Guide to Whale Watching in February

March 17, 2024

Here are a few travel tips if you are interested to do whale watching.

Whether you are interested in San Diego corporate team building, a family outing, or a romantic excursion, whale watching is a great choice. It is an entertaining, educational activity that is appropriate for adults and children alike. There are many different ways to go whale watching, but one of the best is to take a whale-watching tour.

Whale watching
Image by David Mark from Pixabay

Guide to Whale Watching in February

    Is February Good for Whale Watching?

    The coast of San Diego, approximately 70 miles long, lies along the migration routes of several species of whales. Because not all migrations happen at the same time every year, the chance of seeing whales on a whale-watching excursion is very good at any time of the year. However, February is the peak of one of the largest whale migrations in terms of the number of animals on the move. Therefore, it is often recommended as the best time for whale watching.

    Don't be put off by the fact that February is in the middle of winter. Because of its southerly position and location along the coast, San Diego has mild weather during most of the year. In February in particular, it typically only rains seven days out of 28.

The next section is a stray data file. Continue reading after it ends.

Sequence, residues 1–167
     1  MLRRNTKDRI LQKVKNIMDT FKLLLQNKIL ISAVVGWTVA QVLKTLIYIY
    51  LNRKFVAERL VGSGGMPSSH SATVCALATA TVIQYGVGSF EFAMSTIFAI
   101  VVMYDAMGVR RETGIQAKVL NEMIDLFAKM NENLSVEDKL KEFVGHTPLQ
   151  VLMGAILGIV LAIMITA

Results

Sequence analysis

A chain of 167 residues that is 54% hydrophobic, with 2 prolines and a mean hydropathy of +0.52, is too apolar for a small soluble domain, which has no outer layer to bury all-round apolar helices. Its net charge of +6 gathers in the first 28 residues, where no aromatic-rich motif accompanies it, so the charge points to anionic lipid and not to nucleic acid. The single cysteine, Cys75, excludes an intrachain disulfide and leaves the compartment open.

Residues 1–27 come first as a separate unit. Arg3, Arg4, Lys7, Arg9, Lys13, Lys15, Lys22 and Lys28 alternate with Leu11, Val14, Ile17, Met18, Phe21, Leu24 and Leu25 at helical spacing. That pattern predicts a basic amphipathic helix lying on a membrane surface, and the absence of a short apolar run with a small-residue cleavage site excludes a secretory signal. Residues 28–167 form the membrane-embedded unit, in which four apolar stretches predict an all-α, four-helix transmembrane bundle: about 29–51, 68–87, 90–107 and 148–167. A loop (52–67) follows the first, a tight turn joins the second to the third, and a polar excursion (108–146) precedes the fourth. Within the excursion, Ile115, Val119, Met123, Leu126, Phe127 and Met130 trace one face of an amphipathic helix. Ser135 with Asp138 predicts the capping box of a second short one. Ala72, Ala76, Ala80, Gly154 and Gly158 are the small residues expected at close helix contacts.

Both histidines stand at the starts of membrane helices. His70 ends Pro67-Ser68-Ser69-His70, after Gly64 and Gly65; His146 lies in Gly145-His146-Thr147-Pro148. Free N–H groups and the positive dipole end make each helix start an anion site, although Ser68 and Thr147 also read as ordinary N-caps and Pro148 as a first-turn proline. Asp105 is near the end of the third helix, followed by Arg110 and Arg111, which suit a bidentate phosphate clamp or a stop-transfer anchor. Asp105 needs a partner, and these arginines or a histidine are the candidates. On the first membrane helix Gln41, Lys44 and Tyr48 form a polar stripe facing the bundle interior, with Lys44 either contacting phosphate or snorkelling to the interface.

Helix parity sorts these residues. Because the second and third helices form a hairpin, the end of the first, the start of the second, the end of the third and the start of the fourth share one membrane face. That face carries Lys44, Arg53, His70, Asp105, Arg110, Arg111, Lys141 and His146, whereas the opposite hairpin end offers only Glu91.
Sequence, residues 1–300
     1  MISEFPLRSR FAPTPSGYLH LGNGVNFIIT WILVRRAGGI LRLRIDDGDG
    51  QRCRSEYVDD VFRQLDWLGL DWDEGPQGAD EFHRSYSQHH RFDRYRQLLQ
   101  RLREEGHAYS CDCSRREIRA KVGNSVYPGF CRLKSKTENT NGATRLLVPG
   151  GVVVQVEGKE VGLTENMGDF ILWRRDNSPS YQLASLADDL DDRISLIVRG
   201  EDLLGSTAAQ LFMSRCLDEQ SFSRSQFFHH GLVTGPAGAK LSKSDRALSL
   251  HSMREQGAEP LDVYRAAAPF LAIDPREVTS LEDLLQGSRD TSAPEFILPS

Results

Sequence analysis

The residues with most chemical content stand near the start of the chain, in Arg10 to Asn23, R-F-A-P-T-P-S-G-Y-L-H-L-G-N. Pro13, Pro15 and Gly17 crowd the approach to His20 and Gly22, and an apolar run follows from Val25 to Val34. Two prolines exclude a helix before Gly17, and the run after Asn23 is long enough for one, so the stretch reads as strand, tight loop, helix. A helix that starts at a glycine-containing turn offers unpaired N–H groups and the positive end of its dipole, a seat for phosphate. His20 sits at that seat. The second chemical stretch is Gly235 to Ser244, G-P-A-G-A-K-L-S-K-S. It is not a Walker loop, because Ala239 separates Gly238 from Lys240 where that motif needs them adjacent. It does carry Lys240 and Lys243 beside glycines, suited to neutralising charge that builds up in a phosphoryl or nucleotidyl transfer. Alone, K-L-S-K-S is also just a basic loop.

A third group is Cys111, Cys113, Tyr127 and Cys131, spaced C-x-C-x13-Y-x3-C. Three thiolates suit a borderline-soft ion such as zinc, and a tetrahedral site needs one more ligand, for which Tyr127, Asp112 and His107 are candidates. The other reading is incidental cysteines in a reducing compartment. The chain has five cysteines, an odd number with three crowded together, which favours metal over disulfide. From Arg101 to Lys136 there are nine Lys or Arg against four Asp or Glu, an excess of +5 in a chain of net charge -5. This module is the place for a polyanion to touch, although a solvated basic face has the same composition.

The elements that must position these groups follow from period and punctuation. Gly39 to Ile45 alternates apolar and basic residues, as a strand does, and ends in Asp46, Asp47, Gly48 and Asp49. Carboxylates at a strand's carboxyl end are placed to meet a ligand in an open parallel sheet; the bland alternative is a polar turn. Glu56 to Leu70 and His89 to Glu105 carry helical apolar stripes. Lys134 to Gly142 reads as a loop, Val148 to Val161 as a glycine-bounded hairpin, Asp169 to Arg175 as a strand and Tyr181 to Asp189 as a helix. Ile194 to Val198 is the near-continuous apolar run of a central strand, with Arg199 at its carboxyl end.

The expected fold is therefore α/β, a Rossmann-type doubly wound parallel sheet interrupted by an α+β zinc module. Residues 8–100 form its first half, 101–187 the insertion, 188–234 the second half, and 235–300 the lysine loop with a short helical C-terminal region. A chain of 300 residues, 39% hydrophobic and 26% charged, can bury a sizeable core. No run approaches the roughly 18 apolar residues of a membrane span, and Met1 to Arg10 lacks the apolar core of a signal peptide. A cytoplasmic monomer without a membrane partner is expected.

In other words, the chances are one in four that it will rain on the day of your whale-watching tour. The average high temperature is 66 degrees Fahrenheit, which means that this is one of the best things to do with grandparents if planning a multigenerational excursion even if the grandparents are sensitive to cold.

    What Whales Will You See in February?

    There is a chance that you could see humpback whales if you take your trip during February. Humpback whales migrate from November to May, and while February isn't really the peak of the humpback seasonal migration, there is still a possibility that a few may be passing through. There is also a good chance of seeing dolphins, which are smaller cousins of whales and spend most of their lives in the same waters rather than migrating.

    But the biggest draw, the reason why February is often recommended as the best time for whale watching San Diego, is the gray whale migration. Every year, approximately 20,000 individual gray whales travel south from their feeding grounds near Alaska in winter down to warmer waters off the coast of Mexico to give birth to their offspring. 

    As the weather warms, they migrate north again. In February, they are about halfway through their journey and typically along the San Diego coast again. Not only do you have a very good chance of seeing adult gray whales in February, but it is also possible that you could see one of the newborn babies.

    What Exactly Are Gray Whales?

    Gray whales are baleen whales, meaning that they feed on microscopic sea creatures rather than hunting and eating fish. Because they don't eat fish, they don't have teeth. Instead, they have a baleen that consists of many bristles. When they take a big gulp of water, the tiny sea creatures they eat get caught in the baleen, allowing the whales to feed. Gray whales can weigh up to 60,000 pounds and be 49 feet long.

    February is a short month, so book your whale-watching tour as soon as possible.

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